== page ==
The city of Newport is considering raising additional revenue by imposing a gas tax increase and a tax on prepared food. The argument is that these new taxes would tap into our heavy tourist economy, bringing in more outside money to pay for things like infrastructure improvements and maintenance. City officials have said it would be a way of “sharing the burden of funding city services with the visitors to the city.”
The proposal calls for a 5-cent-per-gallon gas tax year round, and a new tax of 5 percent on the sale of prepared food.
While we understand the desire to tap into those visitor dollars, we don’t think this is the way to go. Tourists who visit here a few times a year may not feel the effect all that much, or they might just choose to visit somewhere else on the coast. But people who live and work in Newport will certainly feel the pinch. They buy their gas here throughout the year. They eat at local restaurants.
We believe locals will bear the brunt of these new taxes, which seems contrary to the city’s argument about sharing the burden.
There has been a city gas tax in place for quite a few of years. The rate is 1 cent per gallon during seven off-season months and 3 cents per gallon during the summer. This makes a bit more sense, since it gives a break to Newport residents during those months when there are fewer visitors buying gas here. We can get behind a variable tax like this — at least it provides some relief to locals.
The prepared food tax could very likely serve as a disincentive for many local families — they may decide to just stay home rather than spend the extra money to eat out. While a 5 percent tax may not seem like much money to some people, for those who must count every dollar, it could be the deal breaker. And it will hurt our local businesses that have already suffered a huge hit during the pandemic.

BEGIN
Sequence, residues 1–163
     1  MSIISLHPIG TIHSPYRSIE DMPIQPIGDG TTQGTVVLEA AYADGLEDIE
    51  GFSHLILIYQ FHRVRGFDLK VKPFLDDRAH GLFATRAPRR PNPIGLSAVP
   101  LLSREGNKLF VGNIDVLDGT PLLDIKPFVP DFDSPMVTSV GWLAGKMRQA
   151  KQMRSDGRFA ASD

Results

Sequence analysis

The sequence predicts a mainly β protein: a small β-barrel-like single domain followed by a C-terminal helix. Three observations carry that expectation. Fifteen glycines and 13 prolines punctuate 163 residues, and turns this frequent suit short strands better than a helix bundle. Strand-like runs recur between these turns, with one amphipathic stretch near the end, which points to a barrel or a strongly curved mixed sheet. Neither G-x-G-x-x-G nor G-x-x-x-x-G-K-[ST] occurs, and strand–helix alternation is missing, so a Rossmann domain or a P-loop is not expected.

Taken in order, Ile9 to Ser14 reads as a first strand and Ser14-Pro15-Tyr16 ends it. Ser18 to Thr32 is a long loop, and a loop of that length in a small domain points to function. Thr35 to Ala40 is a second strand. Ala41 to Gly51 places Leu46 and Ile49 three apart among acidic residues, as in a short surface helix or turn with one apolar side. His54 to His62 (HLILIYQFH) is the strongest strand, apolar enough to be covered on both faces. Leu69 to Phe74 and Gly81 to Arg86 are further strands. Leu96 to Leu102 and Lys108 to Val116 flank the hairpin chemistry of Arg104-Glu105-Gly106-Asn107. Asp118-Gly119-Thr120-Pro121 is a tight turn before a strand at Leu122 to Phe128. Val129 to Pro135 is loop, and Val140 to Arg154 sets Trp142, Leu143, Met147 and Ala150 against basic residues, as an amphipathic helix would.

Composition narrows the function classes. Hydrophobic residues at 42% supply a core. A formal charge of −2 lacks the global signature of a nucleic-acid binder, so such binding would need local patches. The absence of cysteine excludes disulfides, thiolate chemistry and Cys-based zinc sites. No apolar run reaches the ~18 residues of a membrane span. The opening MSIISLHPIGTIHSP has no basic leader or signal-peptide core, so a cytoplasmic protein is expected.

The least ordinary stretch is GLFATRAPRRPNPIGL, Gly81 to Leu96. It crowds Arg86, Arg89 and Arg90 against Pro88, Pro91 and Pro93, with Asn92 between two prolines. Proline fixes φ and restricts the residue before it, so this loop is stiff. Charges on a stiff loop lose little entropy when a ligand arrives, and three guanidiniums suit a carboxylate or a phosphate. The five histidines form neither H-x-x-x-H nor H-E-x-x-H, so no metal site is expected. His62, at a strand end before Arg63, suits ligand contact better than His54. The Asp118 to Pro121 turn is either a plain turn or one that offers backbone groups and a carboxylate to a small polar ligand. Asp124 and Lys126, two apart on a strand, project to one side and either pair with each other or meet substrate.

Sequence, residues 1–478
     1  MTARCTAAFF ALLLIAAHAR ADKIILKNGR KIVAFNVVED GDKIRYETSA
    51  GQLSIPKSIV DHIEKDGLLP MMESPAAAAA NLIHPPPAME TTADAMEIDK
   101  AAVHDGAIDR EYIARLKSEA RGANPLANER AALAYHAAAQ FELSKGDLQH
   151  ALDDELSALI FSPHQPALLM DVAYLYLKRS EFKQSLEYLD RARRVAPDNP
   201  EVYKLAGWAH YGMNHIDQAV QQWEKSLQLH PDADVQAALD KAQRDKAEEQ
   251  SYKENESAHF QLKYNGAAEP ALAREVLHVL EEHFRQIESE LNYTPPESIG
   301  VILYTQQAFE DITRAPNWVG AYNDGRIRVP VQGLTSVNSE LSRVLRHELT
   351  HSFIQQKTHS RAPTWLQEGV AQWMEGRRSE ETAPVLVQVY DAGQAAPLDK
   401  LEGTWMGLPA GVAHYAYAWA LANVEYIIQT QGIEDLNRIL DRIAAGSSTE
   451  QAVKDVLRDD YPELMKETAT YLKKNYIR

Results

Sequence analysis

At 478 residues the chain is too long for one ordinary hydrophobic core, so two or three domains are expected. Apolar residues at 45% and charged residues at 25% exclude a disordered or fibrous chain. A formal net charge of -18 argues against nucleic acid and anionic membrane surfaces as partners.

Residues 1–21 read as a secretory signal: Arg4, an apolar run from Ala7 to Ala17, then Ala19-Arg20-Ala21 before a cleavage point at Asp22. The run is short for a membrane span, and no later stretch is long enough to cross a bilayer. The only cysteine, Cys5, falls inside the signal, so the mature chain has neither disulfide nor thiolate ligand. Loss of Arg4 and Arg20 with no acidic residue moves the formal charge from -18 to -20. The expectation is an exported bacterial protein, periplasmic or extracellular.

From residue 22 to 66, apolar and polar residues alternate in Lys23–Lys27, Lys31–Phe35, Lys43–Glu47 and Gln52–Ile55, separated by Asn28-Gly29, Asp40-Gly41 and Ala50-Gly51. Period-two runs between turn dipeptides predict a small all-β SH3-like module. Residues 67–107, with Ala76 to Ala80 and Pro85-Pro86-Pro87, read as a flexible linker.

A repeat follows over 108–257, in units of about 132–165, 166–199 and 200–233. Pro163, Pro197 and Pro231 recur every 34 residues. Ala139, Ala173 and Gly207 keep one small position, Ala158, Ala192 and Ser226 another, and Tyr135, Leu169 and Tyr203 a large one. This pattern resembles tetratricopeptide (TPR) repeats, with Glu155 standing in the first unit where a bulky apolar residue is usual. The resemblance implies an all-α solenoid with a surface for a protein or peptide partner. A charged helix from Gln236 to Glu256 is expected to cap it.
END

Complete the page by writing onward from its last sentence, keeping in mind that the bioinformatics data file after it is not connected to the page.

The Newport City Council also recently passed a pretty significant hike in its lodging tax, raising the tax per booked night on short-term rental businesses from 9.5 to 12 percent. While we don’t necessarily agree with such a big jump — it puts Newport’s room tax at the highest in the state* — at least this one does directly target visitors.
The law requires that the gas tax be approved by a vote of the people. And while the tax on prepared food does not require voter approval, the city council nonetheless is opting to put that measure on the ballot as well, and we have to give the council credit for going that route.
At their meeting next Monday, July 19, city council members are scheduled to hear from a North Bend company, Blue Ridge Strategies, that was hired by the city to conduct public outreach on these two tax measures. Plans call for placing the measures on the ballot either this November or in May 2022.
Perhaps we are in the minority in our belief that these proposed new taxes are not in the best interest of local residents. But regardless of your position on this, these are important issues. We encourage you to let your voices be heard, both before the Newport City Council and, ultimately, on the ballot.
*Editor's note: Newport and Warrenton both have transient room tax rates of 12 percent, the highest of any municipality. However, the city of Portland has an effective rate of 13.5 percent, as overnight lodgers pay a 6 percent room tax, 2 percent tourism tax and 5.5 Multnomah County room tax. Lincoln County imposes a room tax, but that is not paid within cities. See the Oregon Department of Revenue for a complete listing.